Home > My Fiction, Star Trek > Books By the Banks 2017 followup

Books By the Banks 2017 followup

This year’s Books By the Banks event went fairly well. There was a reception for the authors Friday night, and though I’m not very good at such large-scale social gatherings, I managed to get something out of it. I noticed that the name of one of the guest, Mark Dawidziak, sounded familiar, so I looked him up on my phone browser and found that he was the author of The Columbo Phile, a behind-the-scenes companion and episode guide to the Peter Falk series, which I’ve had a copy of since about the time it came out in 1989, or at least not long thereafter. So I sought him out and brought that up, and he was quite pleased to hear I had a copy, since it’s apparently fairly hard to find (it’s long out of print and owners don’t like to part with their copies). He said he was actually a bit relieved that he never got a chance to do a revised edition or sequel about the ABC revival of Columbo, because the story of the original series was a tale of success, while the story of the revival… not so much. (It started out pretty good in its first couple of years, but had a long, slow decline after that. It did manage to do one last good one at the end, though not good enough to let them do one more movie and finish the series with an even 70 installments.) Anyway, he suggested I bring it in the next day so he could autograph it, which I did and he did.

So the reception went well enough, but I got a pretty painful foot cramp and had to leave early. I think it was standing on the hardwood floors for so long that did it, and probably the fact that I didn’t stretch my legs before I went out. Walking back to the downtown parking garage helped work out the cramp, but I had frigid weather and heavy rain to contend with, and I was in a light jacket with no umbrella, not having anticipated those conditions. It was most unpleasant, particularly after having an unseasonably warm autumn. And then I found out the garage had raised its rates since I was last there. And then I had to drive home in the dark and the rain, which I hate. I made it home in one piece, though.

At least I got a decent night’s sleep and was reasonably awake for the festival on Saturday. I was seated near one author I know from past events, mystery writer and Sherlock Holmes expert Dan Andriacco, and we talked some about my recent revisit of the Basil Rathbone Holmes films. I was seated between a detective-story writer, Rock Neelly, and a writer of sports-themed political thrillers, Dennis Hetzel — no other sci-fi people there, apparently, and not a lot of adult fiction overall represented this year.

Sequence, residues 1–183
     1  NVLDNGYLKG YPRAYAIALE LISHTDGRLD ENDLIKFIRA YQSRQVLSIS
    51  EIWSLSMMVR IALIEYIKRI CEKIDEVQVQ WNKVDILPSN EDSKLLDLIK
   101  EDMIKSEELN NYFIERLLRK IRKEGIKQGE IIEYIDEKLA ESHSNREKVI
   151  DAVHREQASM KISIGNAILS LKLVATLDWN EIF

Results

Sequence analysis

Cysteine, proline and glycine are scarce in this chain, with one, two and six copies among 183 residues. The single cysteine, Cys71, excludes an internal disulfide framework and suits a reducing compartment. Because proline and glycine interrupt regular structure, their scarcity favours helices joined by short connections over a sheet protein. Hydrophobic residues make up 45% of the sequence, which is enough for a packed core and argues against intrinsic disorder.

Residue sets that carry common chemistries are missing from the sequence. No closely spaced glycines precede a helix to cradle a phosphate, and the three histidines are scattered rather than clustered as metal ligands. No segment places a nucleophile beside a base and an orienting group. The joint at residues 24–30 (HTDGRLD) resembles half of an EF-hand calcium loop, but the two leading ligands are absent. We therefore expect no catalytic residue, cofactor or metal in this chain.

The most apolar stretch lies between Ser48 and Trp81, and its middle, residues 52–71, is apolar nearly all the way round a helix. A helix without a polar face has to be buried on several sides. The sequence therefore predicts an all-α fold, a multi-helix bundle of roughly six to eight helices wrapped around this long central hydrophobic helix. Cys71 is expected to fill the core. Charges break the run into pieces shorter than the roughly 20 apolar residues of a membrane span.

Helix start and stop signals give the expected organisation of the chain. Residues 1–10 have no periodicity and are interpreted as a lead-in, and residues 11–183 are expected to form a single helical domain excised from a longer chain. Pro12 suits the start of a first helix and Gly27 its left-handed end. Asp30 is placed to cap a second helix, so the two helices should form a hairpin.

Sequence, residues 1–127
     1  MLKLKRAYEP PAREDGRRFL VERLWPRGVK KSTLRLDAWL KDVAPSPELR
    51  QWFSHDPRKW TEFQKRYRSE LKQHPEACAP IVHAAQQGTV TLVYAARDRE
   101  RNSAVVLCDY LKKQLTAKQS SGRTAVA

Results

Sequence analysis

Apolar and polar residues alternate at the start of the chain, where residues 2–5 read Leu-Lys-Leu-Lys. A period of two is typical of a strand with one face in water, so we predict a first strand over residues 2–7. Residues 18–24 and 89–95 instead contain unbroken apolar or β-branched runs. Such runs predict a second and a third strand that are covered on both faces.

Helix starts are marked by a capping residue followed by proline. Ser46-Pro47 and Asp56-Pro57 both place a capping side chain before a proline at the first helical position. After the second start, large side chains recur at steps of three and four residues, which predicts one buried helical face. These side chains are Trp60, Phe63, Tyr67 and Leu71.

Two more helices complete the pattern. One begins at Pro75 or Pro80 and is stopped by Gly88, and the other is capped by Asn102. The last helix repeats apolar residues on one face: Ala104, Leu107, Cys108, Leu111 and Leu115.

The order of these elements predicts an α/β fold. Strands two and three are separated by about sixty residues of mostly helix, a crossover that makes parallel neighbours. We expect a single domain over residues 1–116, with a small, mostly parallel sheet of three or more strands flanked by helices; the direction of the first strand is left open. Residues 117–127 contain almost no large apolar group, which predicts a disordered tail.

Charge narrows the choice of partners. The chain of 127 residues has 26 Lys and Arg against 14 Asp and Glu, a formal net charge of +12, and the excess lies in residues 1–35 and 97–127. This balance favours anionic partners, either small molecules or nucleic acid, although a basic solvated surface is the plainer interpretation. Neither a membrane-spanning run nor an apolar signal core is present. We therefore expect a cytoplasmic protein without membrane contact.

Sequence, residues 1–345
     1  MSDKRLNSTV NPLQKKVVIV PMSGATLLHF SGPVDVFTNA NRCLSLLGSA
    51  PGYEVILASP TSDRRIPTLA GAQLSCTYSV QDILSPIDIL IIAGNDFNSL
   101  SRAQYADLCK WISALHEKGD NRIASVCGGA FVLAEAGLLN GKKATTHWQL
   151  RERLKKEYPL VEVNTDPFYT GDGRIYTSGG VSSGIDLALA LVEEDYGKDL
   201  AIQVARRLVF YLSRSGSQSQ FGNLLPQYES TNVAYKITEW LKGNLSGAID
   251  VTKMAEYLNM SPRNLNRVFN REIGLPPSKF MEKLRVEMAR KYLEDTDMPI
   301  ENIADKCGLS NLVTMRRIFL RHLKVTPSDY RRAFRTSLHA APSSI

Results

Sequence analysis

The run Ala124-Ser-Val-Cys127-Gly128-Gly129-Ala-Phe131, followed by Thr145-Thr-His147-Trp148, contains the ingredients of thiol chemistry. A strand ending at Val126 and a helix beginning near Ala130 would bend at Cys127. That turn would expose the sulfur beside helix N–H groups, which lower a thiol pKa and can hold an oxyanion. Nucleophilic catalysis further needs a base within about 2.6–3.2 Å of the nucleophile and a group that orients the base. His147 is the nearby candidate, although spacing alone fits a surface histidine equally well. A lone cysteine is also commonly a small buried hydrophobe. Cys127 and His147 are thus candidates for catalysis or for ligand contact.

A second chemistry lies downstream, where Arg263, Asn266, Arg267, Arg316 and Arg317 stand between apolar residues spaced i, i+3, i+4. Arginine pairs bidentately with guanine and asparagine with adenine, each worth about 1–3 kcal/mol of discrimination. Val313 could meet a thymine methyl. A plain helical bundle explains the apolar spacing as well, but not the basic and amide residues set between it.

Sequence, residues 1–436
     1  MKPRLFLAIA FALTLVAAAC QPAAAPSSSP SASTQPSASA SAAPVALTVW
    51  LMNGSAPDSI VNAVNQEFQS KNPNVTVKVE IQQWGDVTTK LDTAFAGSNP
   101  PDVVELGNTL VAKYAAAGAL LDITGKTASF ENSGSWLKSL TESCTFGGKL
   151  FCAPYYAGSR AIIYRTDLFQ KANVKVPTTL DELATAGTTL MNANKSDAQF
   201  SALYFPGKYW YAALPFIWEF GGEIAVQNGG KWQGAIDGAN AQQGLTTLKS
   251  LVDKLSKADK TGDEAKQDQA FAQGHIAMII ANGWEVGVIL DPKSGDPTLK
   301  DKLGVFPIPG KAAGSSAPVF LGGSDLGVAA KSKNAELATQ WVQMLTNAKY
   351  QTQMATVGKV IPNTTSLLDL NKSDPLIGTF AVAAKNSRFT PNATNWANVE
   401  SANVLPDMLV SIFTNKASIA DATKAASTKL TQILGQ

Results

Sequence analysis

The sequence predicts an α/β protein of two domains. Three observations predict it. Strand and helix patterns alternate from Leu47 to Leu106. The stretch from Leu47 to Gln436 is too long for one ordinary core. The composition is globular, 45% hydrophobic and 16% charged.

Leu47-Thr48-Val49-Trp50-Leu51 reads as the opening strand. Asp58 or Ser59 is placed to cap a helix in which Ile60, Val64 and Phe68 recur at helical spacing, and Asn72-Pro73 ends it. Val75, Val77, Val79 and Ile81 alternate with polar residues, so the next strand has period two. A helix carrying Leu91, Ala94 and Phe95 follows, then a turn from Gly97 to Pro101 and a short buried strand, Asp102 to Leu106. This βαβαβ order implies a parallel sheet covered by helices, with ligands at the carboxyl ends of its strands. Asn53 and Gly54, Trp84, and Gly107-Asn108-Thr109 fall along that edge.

As for me, Joseph-Beth Bookseller had provided a number of copies of Rise of the Federation books 2-5 and The Face of the Unknown, but unfortunately no Only Superhuman, so the only non-Star Trek items I had to offer were my postcard/fliers for Hub Space. (Hopefully I’ll have something else non-Trek to offer next year. Stay tuned.) While I got to listen to the authors on either side of me giving their rehearsed pitches over and over, I had to contend with the usual thing of trying to explain to the mostly non-SF-fan crowd that: no, I don’t write for the show; no, the books are not made into episodes; no, I’m not the person who writes all the books; no, the producers don’t tell us what to write; and, yes, books based on Star Trek are a thing that exist. Plus the occasional person who addressed me only to say that they weren’t into Star Trek, though at least most of them were apologetic about it. But there was one person who said he came to the event just to see me, which was flattering.

The most successful seller among my available Trek books was The Face of the Unknown. It soon became evident that it’s easier to sell a standalone than series books, especially when the first book in the series wasn’t available. I eventually modified my completely unrehearsed pitch to say that the books could stand reasonably well on their own since they filled in any necessary information about what came before. Anyway, the best seller among the ROTF books was Uncertain Logic, which is possibly due to its distinctive cover (or I like to think so, since the cover design was my idea). Eventually I was down to one copy each of those two. When I got up to stretch my legs with about an hour and a half to go, I noticed that behind me was a corralled-off space with boxes holding extra books, so I replenished my supply of those two books — and then I didn’t sell any more. Oh, well. At leat a lot of people took Hub Space fliers, so hopefully I’ll see a spike in sales there. (As in, some sales.)

So that’s one more BBtB down for me, and the first of my three close-packed events. In a couple of days, I’ll be heading up to Huntington Woods, Michigan for the library signing on Wednesday at 7 PM. There should definitely be Only Superhuman copies for sale there. And a new wrinkle: I’ll be giving away copies of Star Trek: Enterprise — Rise of the Federation: Patterns of Interference.

Now I just hope I can get through the next few days without catching a cold from walking in the rain and attending a crowded convention…

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  1. November 6, 2017 at 3:29 pm

    I’ve got the Columbo Phile as well and like it a lot. I have to say I agree with the author about updating it with with the revival episodes. I recently watched all the revival episodes just to see if I had missed anything good the first time around. I hadn’t. There were a couple good ones, like at the beginning, but after that they were pretty bad, especially when they threw out the standard formula and tried to do new stuff and those just all failed.

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